I admire Ludwig Wittgenstein. I do not admire the pack of academic philosophers, theorists, and other hyenas who have systematically misunderstood and misrepresented what he actually said. Wittgenstein noticed the initial stages of this phenomenon, and he was angered and appalled.
Given the intellectual temper of our times, things have only gotten worse. However -- have no fear! -- I do not intend to wade into that particular morass. For a succinct discussion of the subject, I recommend Bryan Magee's Confessions of a Philosopher (1998), which contains a chapter recounting Magee's dismay and shock at the manner in which supposedly intelligent people ignored what was staring them in the face.
All that I wish to do is to suggest that we read Wittgenstein -- and listen to what he says. Ignore the intermediaries. And, as background, bear in mind stray facts like these: Tolstoy and Samuel Johnson (particularly the Prayers and Meditations) were important to him; he loved to watch American movies; he avidly read American detective stories.
This passage is from a draft of Wittgenstein's foreword to Philosophical Remarks (1930):
"This book is written for those who are in sympathy with the spirit in which it is written. This is not, I believe, the spirit of the main current of European and American civilization. The spirit of this civilization makes itself manifest in the industry, architecture and music of our time, in its fascism and socialism, and it is alien and uncongenial to the author. This is not a value judgment. It is not, it is true, as though he accepted what nowadays passes for architecture as architecture, or did not approach what is called modern music with the greatest suspicion (though without understanding its language), but still, the disappearance of the arts does not justify judging disparagingly the human beings who make up this civilization.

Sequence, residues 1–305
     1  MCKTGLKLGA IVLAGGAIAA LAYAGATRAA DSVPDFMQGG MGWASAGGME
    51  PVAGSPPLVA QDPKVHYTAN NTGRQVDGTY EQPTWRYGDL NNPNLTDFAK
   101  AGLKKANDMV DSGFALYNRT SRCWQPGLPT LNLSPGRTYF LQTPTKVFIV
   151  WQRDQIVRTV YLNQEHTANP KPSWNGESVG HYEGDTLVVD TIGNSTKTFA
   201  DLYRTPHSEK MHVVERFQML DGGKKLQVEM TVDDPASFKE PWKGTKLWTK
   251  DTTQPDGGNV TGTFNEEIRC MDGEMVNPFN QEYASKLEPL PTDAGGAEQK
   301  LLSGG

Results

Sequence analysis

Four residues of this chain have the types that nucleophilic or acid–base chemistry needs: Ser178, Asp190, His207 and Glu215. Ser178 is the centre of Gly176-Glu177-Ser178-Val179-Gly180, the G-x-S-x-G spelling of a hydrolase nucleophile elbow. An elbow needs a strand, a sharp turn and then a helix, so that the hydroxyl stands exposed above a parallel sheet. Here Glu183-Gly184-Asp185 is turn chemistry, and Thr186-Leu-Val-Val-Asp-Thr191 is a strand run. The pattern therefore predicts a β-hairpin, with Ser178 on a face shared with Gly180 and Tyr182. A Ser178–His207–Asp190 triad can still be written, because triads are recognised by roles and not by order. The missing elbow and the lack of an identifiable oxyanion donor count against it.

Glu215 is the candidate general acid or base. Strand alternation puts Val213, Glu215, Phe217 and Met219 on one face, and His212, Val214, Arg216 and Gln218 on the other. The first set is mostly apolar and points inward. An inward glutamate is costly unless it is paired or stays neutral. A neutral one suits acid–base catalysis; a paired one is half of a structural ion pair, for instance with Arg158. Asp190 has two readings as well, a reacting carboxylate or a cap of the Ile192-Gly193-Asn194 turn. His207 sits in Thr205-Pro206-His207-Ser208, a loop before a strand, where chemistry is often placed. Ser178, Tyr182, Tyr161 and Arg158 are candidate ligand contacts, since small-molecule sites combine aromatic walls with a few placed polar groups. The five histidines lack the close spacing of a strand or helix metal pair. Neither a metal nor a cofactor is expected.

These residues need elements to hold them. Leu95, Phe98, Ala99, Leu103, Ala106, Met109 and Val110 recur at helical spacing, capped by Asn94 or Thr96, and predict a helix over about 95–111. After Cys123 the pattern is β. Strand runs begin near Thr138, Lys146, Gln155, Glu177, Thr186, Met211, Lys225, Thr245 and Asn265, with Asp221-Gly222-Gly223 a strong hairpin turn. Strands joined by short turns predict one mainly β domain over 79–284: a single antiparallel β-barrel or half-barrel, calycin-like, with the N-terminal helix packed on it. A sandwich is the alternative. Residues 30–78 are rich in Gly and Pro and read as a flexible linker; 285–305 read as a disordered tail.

. . . . .
I realize then that the disappearance of a culture does not signify the disappearance of human value, but simply of certain means of expressing this value, yet the fact remains that I have no sympathy for the current of European civilization and do not understand its goals, if it has any. So I am really writing for friends who are scattered throughout the corners of the globe.
It is all one to me whether or not the typical western scientist understands or appreciates my work, since he will not in any case understand the spirit in which I write. Our civilization is characterized by the word 'progress'. Progress is its form rather than making progress being one of its features. Typically it constructs. It is occupied with building an ever more complicated structure. And even clarity is sought only as a means to this end, not as an end in itself. For me on the contrary clarity, perspicuity are valuable in themselves.
I am not interested in constructing a building, so much as having a perspicuous view of the foundations of possible buildings.
So, I am not aiming at the same target as the scientists and my way of thinking is different from theirs."
Again, my hope is that we read Wittgenstein, and forget about his interpreters. And, always remember: clarity and perspicuity are very important words in his thought and writing.